Erratic rainfall this summer across Northern Michigan

Rainfall varied widely across Northern Michigan this summer.

While there are still a couple weeks left in summer, meteorological summer (which is June, July, August) is over with.

With that in mind, all five climate stations across Northern Michigan came in slightly above average for the summer in terms of temperature with no dramatic anomalies.

Rainfall was a much different story as summer rain varied widely with some spots very dry and others substantially more wet.

Of our five climate sites which are Sault Ste. Marie, Alpena, Gaylord, Traverse City, and Houghton Lake, only Sault Ste. Marie had above normal rainfall from June through August.

In fact, the Soo finished with 14.03" of summer rain well over the average of 8.73". With records going back to 1888, this was surprisingly the 5th wettest summer ever at Sault Ste. Marie! The wettest summer there came in 1974 when 15.82" of rain came down.

On the other extreme, Houghton Lake had a meager 4.16" of rain over the summer months. That fell well short of the normal 9.26" by 5.10". This places Houghton Lake in its 3rd driest summer ever with records going back to 1919. The driest summer there was back in the dust bowl years in 1931 when a mere 3.74" fell. In a typical summer, Houghton Lake actually averages more rain than Sault Ste. Marie.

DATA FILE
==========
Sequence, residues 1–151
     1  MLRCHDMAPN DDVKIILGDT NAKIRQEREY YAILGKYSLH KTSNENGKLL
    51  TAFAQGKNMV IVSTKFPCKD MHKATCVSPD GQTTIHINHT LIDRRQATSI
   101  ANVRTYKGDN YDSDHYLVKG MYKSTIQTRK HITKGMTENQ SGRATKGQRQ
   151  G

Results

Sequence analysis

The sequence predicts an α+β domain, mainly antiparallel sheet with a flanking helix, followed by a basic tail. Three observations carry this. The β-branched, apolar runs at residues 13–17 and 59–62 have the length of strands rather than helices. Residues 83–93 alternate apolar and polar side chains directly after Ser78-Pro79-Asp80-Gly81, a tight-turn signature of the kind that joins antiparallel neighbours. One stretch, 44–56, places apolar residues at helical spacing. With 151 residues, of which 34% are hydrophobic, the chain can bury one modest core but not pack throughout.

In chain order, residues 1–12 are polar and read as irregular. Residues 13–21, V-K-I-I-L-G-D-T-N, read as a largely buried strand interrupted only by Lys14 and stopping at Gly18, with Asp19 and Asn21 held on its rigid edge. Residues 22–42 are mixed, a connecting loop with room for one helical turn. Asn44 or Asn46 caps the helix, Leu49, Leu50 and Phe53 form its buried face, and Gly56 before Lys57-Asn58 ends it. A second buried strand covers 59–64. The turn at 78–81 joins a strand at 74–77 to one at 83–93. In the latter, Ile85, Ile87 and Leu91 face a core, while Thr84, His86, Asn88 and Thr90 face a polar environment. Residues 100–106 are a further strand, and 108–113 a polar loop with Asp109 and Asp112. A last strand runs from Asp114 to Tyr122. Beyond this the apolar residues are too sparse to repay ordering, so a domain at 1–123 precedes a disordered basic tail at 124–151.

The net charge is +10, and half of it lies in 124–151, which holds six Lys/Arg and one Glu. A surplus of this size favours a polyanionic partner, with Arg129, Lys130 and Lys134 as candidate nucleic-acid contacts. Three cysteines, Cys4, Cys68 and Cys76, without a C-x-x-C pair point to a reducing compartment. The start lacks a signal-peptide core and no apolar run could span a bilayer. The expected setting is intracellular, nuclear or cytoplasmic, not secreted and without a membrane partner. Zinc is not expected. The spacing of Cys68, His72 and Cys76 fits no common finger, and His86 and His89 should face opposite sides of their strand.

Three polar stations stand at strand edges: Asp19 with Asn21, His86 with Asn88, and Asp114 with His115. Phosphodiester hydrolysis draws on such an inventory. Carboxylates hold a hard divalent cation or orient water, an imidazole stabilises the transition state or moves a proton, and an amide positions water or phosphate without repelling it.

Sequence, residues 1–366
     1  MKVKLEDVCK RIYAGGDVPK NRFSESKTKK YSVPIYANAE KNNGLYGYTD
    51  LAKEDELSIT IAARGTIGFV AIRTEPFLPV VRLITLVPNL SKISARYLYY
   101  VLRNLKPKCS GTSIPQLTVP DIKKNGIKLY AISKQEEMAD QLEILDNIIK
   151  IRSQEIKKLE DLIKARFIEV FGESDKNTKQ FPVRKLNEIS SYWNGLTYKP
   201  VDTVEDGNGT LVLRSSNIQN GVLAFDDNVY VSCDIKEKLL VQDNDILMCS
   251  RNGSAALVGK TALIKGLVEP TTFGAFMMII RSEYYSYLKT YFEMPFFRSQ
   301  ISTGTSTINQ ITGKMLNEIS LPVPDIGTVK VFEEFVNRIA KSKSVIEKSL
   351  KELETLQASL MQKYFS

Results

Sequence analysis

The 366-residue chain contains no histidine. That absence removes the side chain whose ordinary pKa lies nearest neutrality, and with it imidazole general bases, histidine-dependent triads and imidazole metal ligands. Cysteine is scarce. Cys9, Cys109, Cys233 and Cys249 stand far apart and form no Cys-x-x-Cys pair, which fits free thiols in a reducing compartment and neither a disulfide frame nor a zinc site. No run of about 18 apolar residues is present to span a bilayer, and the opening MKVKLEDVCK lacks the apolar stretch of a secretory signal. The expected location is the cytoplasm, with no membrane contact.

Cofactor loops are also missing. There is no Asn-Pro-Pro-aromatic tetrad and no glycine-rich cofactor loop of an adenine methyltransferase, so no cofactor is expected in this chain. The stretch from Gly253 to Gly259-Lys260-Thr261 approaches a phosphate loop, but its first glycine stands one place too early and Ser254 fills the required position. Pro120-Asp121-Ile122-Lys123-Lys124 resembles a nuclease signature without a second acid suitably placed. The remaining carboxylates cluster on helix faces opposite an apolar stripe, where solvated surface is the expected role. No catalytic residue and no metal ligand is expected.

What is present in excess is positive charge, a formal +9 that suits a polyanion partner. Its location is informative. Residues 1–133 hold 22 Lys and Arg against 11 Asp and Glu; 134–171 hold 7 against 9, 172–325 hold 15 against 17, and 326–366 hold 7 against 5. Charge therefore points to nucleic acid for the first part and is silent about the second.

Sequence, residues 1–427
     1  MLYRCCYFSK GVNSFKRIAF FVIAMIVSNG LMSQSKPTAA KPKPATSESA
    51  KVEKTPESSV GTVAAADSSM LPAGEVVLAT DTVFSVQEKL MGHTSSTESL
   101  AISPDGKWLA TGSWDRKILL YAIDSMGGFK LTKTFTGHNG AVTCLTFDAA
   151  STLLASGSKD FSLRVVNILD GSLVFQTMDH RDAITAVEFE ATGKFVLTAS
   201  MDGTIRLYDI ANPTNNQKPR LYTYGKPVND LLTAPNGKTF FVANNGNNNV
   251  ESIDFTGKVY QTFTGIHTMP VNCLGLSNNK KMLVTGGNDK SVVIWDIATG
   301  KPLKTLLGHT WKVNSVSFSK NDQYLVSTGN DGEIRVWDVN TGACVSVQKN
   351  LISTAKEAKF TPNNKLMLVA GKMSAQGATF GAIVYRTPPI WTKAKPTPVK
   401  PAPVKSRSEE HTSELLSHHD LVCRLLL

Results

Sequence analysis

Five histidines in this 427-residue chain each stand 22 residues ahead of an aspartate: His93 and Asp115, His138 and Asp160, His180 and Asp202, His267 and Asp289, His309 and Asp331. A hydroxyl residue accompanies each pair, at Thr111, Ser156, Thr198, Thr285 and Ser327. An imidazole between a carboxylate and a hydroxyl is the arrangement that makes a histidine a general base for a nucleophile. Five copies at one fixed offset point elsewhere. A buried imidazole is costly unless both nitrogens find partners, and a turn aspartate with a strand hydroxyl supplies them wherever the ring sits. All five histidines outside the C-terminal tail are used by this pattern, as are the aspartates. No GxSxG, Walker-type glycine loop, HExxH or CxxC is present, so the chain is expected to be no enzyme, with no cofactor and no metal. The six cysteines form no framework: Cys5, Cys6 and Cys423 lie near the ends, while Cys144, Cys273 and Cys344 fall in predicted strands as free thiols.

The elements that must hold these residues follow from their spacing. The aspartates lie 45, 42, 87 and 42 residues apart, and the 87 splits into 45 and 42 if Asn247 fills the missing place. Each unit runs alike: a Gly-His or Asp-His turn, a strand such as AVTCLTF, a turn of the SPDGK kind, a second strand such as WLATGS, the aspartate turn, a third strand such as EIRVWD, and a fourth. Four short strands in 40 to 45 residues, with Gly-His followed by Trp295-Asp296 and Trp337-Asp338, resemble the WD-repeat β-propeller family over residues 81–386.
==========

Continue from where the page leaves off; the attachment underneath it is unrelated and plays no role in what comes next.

Another spot that could use more rain was Gaylord which fared little better. From June through August, only 5.75" of rain came down, well short of the normal 9.54". This makes for the 4th driest summer at Gaylord since 1940. The driest summer at Gaylord by comparison was in 1966 with 5.29" of rain.

Alpena also came in drier than normal for summer, but not as bad off as points further inland. Alpena ended up with 7.14" of rain which is 1.74" short of normal which is 8.88".

The closest to average was Traverse City where they ended up with 9.28" of rain coming in just 0.39" short of the normal summer rainfall of 9.67". An interesting fact about Traverse City's final summer total is that a whopping 2.87" of that rain fell in one day, on August 27th. In other words, 31% of all the rain Traverse City saw this summer fell in a few hour period on August 27th which led to some localized flooding there that day.

Going forward, the latest long range forecasts from the Climate Prediction Center based off several factors indicate a warmer and wetter than normal autumn season in the forecast. Time will tell!